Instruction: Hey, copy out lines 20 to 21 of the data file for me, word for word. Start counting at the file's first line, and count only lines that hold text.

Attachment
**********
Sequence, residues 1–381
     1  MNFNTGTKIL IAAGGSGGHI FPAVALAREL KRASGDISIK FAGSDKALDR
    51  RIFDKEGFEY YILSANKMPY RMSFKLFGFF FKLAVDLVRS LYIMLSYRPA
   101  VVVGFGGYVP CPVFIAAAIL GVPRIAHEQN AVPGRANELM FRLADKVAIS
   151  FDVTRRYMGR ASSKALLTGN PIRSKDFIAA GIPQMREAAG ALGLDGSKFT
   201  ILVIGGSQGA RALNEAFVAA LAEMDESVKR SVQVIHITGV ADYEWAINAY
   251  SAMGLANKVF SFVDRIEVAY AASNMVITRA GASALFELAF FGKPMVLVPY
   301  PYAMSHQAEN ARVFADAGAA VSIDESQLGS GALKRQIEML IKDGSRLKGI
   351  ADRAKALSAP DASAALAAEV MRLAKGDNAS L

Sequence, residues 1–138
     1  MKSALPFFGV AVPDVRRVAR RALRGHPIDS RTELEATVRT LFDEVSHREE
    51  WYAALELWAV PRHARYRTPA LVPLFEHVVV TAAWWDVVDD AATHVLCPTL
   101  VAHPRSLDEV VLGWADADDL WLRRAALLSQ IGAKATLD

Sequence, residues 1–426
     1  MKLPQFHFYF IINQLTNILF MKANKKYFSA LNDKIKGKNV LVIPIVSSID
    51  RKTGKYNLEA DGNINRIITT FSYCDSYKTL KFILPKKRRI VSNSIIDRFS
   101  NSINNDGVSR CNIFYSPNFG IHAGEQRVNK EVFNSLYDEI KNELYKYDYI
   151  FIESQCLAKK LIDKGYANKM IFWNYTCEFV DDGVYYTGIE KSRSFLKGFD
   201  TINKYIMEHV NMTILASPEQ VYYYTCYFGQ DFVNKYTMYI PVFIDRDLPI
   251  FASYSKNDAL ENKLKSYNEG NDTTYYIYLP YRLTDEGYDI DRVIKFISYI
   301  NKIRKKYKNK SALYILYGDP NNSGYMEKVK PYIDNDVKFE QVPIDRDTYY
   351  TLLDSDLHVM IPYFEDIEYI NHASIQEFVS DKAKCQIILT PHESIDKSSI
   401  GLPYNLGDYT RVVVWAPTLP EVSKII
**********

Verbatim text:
   251  FASYSKNDAL ENKLKSYNEG NDTTYYIYLP YRLTDEGYDI DRVIKFISYI
   301  NKIRKKYKNK SALYILYGDP NNSGYMEKVK PYIDNDVKFE QVPIDRDTYY